Those yellow stones changed colour in the rain.
And what precipitation we would suffer:
the hands of sycamores pressing against
the slate-grey sky in vain, while slabs of butter
dulled to day-old toast. Pigeons and sparrows,
denied the camouflage of wilder species,
reliant on the town's gutters and furrows,
dispersed to copses, nested under eaves:
the bakery, the school, the mill, the church
all unsuspecting bustle. Come the sun
then come the green, the effervescent burn
of earth. Top of the town, the steeple shone,
a suggestion that religion quarries best
where nature reigns and education rests.
With its foreign parts, like vestibule and alcove,
the house enriched my lexicon with names.
Goodness, we were moneyed then. Dad drove
a Volvo, and Mum shopped at C & A.
The cellar housed a games room, we had wicker
furniture in the kitchen and an open
coal fire in the lounge, with tongs and pokers
hanging by the hearth, wrought from iron
and fashioned into figures of medieval
knights. I loved their weight and heft, the coolness
in my hand, the thud and clatter when they fell.
I watched them plunge deep down into the furnace,
the cinerator, the crucible, the grate,
excavating grails of light and heat.
Never a full chorus, not even a verse.
Sometimes a couplet, but mostly just a line,
his sudden, fitful a capella bursts
were lights flicked on and off inside his mind,
Catherine wheels, cocked and knocked askew
firing off their lyrical constellations
at random. Names of girls or towns he once knew,
a distant life, one never forgotten.
He would disappear beneath his soap and brush,
then re-emerge, always naked to the waist,
with all his teeth, pomaded, Old-Spice-splashed,
with tissue Japanese flags on his face
and that map of Ireland birth-mark on his back
as red and huge and permanent as the past.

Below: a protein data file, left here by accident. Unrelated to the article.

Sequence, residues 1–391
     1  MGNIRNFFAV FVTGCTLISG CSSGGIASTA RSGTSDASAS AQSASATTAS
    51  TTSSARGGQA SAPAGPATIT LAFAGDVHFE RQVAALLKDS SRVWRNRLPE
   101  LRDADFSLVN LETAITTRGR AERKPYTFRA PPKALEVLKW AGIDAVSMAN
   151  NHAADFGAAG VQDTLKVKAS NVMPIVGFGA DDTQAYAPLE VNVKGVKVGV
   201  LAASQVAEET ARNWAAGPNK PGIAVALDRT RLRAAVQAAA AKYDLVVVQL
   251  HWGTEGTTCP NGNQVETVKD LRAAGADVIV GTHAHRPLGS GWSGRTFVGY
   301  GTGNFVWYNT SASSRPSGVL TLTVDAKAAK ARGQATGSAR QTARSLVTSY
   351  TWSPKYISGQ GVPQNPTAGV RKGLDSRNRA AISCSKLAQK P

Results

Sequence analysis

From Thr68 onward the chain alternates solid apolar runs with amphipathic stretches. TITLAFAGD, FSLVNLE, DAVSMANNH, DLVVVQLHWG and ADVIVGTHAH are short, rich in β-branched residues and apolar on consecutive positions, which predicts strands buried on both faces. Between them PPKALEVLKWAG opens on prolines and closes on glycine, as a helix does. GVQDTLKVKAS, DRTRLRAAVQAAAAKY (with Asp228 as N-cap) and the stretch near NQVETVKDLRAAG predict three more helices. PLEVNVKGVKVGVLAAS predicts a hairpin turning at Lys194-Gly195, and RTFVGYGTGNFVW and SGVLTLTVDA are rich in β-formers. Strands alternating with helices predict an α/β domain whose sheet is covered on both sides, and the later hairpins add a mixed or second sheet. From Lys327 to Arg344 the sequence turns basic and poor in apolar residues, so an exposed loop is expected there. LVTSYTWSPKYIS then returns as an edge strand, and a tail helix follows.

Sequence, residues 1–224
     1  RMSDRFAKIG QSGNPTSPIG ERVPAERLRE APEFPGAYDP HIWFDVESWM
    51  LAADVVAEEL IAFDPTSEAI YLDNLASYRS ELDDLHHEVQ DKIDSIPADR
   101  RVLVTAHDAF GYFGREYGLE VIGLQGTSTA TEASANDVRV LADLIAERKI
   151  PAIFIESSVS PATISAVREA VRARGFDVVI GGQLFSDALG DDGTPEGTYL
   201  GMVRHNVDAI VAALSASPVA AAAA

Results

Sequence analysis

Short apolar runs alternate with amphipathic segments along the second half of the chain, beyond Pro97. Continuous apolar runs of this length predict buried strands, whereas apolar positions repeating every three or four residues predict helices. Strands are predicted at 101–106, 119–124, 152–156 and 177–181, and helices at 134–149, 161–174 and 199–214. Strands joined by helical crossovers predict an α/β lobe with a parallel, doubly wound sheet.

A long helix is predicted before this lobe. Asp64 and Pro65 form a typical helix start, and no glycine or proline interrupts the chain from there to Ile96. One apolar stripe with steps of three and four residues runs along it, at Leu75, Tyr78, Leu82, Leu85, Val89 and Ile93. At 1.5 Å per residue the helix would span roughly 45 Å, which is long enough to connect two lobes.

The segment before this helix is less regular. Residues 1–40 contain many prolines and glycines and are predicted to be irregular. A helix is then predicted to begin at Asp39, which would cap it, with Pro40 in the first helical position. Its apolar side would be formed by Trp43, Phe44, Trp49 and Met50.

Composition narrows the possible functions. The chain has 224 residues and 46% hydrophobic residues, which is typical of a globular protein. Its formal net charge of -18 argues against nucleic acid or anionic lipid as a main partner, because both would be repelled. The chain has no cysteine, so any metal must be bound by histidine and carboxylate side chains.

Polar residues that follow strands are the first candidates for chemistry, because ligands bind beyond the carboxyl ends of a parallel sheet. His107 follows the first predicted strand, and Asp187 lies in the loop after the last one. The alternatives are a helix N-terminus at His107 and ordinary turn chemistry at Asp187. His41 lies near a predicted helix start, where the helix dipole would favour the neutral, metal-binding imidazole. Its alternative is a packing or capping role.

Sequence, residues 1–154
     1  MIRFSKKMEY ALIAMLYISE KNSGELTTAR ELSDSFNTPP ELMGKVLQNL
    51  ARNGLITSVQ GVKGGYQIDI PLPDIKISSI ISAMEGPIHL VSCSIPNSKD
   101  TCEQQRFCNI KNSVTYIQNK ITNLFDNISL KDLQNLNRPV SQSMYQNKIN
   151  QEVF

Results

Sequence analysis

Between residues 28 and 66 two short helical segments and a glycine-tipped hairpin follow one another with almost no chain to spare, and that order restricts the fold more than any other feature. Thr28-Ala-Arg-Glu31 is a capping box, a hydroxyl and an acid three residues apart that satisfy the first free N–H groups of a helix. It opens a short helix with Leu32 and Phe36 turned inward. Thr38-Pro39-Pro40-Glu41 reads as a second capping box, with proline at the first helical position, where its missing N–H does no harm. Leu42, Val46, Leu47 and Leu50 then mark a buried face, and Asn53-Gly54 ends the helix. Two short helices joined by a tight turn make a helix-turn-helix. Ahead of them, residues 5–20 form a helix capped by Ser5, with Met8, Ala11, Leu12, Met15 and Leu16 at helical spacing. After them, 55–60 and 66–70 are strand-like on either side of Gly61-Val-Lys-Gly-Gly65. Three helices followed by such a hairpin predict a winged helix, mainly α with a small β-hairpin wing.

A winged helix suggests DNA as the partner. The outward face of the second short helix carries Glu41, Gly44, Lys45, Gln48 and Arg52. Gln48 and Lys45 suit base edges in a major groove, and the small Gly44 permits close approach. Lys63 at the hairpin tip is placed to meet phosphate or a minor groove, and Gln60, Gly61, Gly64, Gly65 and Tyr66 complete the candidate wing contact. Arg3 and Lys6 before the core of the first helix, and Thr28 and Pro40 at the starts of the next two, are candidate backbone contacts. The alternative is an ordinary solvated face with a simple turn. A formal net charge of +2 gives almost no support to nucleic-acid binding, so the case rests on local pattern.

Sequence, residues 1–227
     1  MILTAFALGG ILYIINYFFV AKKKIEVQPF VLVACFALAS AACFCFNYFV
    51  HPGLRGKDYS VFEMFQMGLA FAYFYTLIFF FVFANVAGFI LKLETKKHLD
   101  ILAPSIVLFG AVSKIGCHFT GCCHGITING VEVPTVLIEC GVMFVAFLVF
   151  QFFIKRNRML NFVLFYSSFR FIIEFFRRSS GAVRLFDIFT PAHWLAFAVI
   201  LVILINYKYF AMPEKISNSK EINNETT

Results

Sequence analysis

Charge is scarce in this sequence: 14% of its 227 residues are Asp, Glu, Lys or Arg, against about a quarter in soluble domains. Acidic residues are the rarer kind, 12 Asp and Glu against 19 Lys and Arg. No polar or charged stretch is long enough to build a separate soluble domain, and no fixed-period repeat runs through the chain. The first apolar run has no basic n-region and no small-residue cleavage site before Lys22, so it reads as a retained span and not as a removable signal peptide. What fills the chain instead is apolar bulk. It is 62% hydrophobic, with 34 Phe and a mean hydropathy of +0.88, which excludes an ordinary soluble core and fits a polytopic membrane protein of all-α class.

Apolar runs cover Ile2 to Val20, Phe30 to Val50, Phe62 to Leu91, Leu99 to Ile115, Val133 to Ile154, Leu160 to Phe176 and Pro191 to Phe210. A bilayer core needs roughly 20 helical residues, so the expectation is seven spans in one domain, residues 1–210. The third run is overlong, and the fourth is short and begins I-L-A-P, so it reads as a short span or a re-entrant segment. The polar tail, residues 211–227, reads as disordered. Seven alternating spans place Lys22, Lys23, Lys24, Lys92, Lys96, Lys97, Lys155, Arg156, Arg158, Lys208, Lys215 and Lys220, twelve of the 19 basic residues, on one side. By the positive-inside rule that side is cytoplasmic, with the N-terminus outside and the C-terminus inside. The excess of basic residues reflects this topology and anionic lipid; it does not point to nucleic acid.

Almost three decades have passed and still
the same red cheeks, the dryness round the mouth,
relaying how I would drag her up that hill
to make it home in time for Danger Mouse.
And every time she tells it there's a slight
embellishment, a detail lost or gained:
the bus perhaps an extra minute late,
an inside-out umbrella in the rain.
And each time is more difficult than the last
to hear, our whole relationship condensed
to a sugar cube. I urge her to relate
her thirty-something body, her muscles tense
and taut, the burning in her calves and thighs,
the breathlessness, the windows rich with eyes.
We'd climb into our Dad's parked car and rock
it back and forth, imitating with our mouths
the sounds of freedom, declaring our next stop
London, with just an inkling it was South
of Manchester. Sometimes we'd fool our friends
that we were really moving, that we could drive,
perfecting the illusion of a bend,
a three-point turn, the speed of traffic lights.
Our older brother drove a Ford Capri,
with racing stripes, a black metallic finish,
spotlights, spoilers, bucket seats, and a CB
crackling out its alien forms of English:
Breaker, Breaker. Copy, are you reading?
How many candles are you burning?
Appears in Envoi Issue 160 November 2011